Geology Reference
In-Depth Information
Chain silicates
the most important mineral groups, the pyroxenes . The
chains are 'kinked' rather than linear because alternate
tetrahedra stick out in opposite directions. Each silicon
atom possesses two non-bridging oxygens ( p = 2) and
shares two bridging ones, so that the composition of
the whole chain can be written (SiO 3 ) n , where n is the
number of tetrahedra in the chain. All pyroxenes there-
fore have SiO 3 (or Si 2 O 6 ) in their chemical formulae, as
for example in diopside CaMgSi 2 O 6 . The chains can be
stacked against each other in different ways, allowing
pyroxenes the potential to crystallize in both the
orthorhombic and monoclinic systems (Box 8.5).
The chains define the crystallographic c -axis in pyrox-
enes. Parallel to this run several prismatic cleavage
planes, such as the perfect {110} cleavage responsible for
the characteristic perpendicular cleavages seen in a
basal cross-section. These cleavages reflect the stronger
cohesion within each chain compared with the strength
of bonding between chains.
The sharing of two oxygen atoms by each SiO 4 group
produces chains of tetrahedra of indefinite length
(Figures 8.2 and 8.3a) that form the skeleton of one of
Figure 8.2 3D scale model showing the layout of a pyroxene
chain, with some upper oxygen anions removed to show
the tetrahedrally co-ordinated silicon atoms beneath.
(Photo: K. d'Souza).
Ring silicates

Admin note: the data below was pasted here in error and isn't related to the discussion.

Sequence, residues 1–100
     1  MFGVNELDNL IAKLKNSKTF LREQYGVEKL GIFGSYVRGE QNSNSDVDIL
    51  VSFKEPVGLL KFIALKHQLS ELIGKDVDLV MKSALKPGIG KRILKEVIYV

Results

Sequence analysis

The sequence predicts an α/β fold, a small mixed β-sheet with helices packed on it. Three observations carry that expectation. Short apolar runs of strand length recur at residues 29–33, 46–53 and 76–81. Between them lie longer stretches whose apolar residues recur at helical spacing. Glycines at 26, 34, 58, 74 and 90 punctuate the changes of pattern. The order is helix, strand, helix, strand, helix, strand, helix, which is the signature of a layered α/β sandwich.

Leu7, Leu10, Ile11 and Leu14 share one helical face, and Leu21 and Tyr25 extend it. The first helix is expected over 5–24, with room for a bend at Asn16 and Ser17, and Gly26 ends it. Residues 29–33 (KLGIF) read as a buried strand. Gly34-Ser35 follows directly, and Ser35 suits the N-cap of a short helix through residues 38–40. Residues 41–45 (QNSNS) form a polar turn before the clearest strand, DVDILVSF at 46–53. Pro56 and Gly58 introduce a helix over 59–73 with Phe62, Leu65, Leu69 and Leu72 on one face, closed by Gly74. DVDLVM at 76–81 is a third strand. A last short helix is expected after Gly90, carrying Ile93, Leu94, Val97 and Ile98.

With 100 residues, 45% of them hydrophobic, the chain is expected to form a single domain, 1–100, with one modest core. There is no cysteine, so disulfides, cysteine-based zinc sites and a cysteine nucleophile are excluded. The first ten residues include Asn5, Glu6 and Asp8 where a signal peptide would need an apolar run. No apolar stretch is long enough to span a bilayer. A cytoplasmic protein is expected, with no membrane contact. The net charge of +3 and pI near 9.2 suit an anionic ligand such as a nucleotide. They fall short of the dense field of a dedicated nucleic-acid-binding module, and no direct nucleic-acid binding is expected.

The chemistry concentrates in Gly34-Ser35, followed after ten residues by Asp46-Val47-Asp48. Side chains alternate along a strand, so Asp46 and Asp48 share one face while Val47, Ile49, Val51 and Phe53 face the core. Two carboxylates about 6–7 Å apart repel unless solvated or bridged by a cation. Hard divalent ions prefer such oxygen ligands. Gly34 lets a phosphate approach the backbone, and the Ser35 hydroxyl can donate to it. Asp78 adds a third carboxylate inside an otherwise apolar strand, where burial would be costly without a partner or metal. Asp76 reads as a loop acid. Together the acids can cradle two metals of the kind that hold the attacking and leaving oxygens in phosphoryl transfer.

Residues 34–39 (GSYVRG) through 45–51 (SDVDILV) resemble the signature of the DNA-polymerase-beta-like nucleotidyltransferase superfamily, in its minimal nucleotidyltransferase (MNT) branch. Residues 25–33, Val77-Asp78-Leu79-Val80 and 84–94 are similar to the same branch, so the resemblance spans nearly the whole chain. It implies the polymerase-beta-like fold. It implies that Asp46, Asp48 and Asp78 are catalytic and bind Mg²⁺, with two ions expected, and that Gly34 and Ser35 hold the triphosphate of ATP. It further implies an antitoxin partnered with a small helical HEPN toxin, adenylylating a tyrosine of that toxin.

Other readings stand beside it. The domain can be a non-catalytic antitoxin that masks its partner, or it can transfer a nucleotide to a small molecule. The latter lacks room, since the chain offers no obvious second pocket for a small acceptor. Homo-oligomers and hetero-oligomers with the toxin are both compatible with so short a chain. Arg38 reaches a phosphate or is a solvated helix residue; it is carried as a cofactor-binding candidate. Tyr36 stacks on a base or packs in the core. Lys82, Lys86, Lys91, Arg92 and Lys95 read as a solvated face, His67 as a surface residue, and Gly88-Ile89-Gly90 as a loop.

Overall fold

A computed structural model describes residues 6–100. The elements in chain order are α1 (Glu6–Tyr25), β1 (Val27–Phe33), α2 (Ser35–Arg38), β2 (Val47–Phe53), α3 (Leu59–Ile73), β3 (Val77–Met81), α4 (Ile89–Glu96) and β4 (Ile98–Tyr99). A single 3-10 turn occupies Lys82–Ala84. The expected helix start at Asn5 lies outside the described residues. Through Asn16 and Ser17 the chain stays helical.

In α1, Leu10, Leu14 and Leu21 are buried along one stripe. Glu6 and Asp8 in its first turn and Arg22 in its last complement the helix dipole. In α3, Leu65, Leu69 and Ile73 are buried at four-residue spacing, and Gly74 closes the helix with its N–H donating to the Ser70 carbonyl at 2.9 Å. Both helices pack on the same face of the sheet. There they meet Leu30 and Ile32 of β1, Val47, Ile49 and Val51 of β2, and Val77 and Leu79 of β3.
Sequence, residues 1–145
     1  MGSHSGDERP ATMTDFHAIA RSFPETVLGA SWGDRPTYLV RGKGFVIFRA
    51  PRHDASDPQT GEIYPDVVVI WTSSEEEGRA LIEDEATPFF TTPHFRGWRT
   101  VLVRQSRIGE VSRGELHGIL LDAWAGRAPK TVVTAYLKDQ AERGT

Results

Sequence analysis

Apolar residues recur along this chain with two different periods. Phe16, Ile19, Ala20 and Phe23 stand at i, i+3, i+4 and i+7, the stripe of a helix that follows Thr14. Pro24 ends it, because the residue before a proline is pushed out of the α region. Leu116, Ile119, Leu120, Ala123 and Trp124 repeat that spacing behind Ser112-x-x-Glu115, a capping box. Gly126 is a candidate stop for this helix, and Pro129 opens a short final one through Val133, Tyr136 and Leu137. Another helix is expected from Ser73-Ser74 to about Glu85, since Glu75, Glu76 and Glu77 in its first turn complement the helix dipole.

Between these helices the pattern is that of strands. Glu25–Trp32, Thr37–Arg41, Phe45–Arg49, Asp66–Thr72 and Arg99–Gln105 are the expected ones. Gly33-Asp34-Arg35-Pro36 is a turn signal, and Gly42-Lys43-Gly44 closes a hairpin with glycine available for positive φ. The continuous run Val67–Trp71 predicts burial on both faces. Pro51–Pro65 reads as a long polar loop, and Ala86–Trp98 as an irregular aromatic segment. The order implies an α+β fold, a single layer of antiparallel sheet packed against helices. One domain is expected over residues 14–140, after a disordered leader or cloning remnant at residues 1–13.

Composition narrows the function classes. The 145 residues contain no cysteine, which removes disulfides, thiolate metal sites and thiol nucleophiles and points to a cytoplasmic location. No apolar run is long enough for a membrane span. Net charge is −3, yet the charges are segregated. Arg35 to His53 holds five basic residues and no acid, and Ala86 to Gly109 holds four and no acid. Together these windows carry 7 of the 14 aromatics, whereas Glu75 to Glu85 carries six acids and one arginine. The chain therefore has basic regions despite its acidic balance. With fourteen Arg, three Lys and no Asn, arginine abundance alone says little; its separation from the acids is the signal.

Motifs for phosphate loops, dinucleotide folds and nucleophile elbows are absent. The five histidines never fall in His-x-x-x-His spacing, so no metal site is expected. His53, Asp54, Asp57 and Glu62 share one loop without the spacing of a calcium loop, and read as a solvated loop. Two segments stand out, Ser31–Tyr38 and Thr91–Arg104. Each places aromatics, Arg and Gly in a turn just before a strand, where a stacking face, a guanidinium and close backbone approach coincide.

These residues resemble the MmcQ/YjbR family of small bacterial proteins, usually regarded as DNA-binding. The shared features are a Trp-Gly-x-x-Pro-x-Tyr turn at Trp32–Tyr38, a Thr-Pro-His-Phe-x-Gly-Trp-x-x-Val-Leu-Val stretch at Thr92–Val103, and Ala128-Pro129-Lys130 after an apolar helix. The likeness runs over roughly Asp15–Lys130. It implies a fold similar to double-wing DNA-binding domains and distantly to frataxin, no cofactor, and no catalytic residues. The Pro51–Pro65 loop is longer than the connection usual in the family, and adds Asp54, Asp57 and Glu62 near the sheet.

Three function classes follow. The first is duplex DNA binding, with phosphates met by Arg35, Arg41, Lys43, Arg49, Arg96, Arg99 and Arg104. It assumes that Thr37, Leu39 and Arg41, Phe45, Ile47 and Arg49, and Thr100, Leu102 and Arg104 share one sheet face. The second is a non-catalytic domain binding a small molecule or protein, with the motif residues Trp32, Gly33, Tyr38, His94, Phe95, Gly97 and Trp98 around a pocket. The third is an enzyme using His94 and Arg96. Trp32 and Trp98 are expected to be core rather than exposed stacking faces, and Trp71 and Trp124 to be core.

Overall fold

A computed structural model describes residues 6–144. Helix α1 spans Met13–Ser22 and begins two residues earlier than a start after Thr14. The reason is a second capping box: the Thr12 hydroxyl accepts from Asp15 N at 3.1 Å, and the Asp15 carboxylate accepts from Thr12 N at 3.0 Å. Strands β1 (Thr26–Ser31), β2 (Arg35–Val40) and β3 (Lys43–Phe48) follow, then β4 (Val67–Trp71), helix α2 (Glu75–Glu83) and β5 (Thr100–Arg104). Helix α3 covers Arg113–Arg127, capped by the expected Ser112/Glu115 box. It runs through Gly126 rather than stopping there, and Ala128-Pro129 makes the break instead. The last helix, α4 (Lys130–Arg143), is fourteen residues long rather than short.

An obvious alternative to forming an infinite linear
chain is to link the ends of the chain into a ring. The
minerals beryl (Be 3 Al 2 Si 6 O 18 , Figure  8.1c), cordierite
(A1 3 Mg 2 Si 5 AlO 18 ) and tourmaline are examples of ring
silicates, in which the basic structural element is a ring
of six SiO 4 tetrahedra. The simpler ring silicates have the
p value (2) and Si:O ratio (1:3) of the pyroxenes (Table 8.1).
(a) Pyroxene
(b) Amphibole
Double-chain silicates
The amphibole structure can be regarded as a pyroxene
chain in which alternate tetrahedra share an oxygen
atom with one neighbouring chain. This produces a
double chain or band (Figure 8.3b), leading to a marked
prismatic, sometimes even fibrous, habit. Owing to
the  wider double chains, the conspicuous prismatic
cleavages intersect at about 55°, compared with the 90°
characteristic of pyroxenes.
The double chain can be regarded as a row of hexag-
onal rings, which are not present in pyroxenes. These
accommodate additional anions, usually hydroxyl (OH )
or fluoride (F ). Owing to the presence of these volatile
constituents - the main chemical distinction between
pyroxenes and amphiboles - the amphiboles are unstable
at high temperatures, decomposing into pyroxene and
(c) Sheet silicate
Figure 8.3 Simplified silicate structures in (a) pyroxene, (b)
amphibole and (c) sheet silicates, seen in plan and end-on.
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